Site use of EDC systems is growing, and on average sites are using 3.4 EDC systems and are expected to be using 4.5 systems within the next year or two.
In addition, the number of preferred provider agreements in place at CROs and with sponsors is increasing.
Integration of systems between EDC and ePRO/eCOA is becoming a priority with users going forward. Increasingly, pharmaceutical sponsors and contract research organizations are looking for greater control over the systems used rather than relying simply going through their CROs for the EDC component, with the ISR report finding that the percentage of sponsors looking to contract directly with an EDC provider is expected to increase from 43% to 52%. The growth in use of these clinical trial solutions is being driven by greater ease of use, improved data accuracy, and the ability to access data instantly making it possible to make quick clinical decisions and improve compliance with protocol requirements.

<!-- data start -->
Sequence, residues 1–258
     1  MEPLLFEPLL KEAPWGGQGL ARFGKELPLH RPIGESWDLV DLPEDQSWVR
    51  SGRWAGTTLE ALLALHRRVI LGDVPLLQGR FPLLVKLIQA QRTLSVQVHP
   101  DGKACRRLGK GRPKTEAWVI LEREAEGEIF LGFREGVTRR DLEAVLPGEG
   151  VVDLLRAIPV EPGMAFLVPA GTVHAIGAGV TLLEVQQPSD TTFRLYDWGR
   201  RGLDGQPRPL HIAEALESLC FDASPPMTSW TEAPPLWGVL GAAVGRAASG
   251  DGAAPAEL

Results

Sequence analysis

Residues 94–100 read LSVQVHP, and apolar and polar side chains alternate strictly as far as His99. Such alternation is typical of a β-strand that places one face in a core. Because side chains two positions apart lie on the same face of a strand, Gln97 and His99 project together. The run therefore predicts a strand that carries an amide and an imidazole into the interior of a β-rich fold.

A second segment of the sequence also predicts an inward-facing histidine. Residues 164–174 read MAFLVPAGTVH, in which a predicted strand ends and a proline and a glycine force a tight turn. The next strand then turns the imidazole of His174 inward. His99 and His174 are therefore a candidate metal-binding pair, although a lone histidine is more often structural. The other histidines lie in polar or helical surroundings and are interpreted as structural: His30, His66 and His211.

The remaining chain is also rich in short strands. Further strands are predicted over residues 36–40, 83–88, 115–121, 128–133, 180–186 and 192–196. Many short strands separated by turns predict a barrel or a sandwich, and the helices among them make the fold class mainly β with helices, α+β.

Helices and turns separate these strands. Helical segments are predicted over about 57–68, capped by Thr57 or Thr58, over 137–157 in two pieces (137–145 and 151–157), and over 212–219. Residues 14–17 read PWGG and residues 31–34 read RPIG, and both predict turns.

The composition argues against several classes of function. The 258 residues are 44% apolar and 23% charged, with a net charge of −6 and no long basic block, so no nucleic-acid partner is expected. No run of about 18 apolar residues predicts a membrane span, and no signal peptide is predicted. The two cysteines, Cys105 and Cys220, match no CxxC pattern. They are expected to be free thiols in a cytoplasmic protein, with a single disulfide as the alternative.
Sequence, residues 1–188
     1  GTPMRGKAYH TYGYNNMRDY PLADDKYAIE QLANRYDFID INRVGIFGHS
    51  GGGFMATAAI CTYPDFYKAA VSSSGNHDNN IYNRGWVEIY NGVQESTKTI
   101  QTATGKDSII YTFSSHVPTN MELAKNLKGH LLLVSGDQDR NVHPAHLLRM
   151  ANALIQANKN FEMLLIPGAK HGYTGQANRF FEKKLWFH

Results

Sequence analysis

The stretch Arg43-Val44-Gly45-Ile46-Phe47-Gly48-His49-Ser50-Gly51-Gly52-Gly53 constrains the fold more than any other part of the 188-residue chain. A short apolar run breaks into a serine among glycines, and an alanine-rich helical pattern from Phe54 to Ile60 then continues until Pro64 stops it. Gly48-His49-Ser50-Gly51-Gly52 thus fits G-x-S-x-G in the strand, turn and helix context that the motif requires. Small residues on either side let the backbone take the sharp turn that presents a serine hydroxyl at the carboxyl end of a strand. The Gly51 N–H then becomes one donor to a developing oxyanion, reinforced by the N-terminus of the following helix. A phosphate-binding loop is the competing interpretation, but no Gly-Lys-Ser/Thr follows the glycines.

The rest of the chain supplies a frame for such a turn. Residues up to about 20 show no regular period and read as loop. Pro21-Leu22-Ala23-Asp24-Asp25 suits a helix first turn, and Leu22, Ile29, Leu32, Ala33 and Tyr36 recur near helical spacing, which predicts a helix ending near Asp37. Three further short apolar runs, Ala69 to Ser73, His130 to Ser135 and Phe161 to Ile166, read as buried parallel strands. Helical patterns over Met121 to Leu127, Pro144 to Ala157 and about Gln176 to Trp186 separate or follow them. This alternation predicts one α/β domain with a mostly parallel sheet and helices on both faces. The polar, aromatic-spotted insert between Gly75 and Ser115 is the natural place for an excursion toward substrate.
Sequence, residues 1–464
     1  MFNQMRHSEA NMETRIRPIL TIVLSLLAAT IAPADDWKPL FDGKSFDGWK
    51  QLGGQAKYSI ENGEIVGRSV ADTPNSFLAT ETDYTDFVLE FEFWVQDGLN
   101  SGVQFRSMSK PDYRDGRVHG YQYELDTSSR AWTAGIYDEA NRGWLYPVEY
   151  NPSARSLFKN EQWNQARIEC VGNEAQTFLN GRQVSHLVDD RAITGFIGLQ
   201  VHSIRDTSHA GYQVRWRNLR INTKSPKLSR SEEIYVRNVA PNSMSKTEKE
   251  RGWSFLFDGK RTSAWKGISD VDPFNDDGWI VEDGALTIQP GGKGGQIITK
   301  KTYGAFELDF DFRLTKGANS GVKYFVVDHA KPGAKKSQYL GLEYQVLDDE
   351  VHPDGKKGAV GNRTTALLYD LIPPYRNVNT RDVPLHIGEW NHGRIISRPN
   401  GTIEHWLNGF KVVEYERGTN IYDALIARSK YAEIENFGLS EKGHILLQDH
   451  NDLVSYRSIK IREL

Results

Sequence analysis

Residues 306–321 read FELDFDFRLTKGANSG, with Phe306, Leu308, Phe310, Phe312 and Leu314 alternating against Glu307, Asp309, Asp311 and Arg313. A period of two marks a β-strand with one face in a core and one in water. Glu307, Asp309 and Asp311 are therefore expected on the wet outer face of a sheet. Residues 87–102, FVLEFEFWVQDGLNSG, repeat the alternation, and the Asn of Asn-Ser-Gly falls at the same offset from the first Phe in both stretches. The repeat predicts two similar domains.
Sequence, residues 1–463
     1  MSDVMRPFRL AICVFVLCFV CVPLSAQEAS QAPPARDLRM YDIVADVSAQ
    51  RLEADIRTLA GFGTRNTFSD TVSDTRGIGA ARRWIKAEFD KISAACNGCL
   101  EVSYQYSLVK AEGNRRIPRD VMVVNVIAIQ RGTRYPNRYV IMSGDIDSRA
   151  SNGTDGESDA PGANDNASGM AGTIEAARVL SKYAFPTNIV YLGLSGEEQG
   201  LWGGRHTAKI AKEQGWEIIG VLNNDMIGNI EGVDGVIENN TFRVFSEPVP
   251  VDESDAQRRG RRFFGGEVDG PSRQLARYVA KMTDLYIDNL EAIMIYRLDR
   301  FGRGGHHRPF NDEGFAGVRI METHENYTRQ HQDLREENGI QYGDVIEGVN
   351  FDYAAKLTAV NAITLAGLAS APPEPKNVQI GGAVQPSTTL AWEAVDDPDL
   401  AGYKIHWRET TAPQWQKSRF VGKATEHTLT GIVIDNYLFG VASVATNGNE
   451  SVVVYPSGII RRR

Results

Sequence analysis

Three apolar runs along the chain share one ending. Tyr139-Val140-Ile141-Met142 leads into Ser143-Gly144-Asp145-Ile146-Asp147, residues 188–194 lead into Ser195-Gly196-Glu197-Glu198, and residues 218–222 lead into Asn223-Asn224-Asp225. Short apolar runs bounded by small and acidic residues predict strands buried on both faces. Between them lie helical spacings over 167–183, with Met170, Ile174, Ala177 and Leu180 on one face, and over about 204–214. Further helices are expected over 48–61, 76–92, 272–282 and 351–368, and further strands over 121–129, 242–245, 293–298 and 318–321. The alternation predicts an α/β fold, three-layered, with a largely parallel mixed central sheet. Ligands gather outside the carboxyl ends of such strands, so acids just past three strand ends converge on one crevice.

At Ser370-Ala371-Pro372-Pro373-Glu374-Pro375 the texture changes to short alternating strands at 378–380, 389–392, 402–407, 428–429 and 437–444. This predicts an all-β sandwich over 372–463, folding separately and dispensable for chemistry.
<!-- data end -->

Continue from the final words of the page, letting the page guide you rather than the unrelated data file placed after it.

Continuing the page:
A $750 million to $1 billion industry, RTMS has become another key clinical trial solution, and is used to dispense treatment to sites and assign medication more rapidly and efficiently. Randomization is a crucial part of clinical trials, ensuring treatment balance and removing the risk of selection bias.
RTMS can have multiple purposes including managing randomization and allocation of therapy, automated resupply of products to sites and depots, centralized patient recruitment, managing the expiry date of products, and drug reconciliation. Through RTMS capabilities, enabled by IRT, CROs and sponsors are able to manage randomization and management of the clinical trial supply chain, oversee real-time recruitment, tackle issues around emergency unblinding, and ensure dosage accuracy.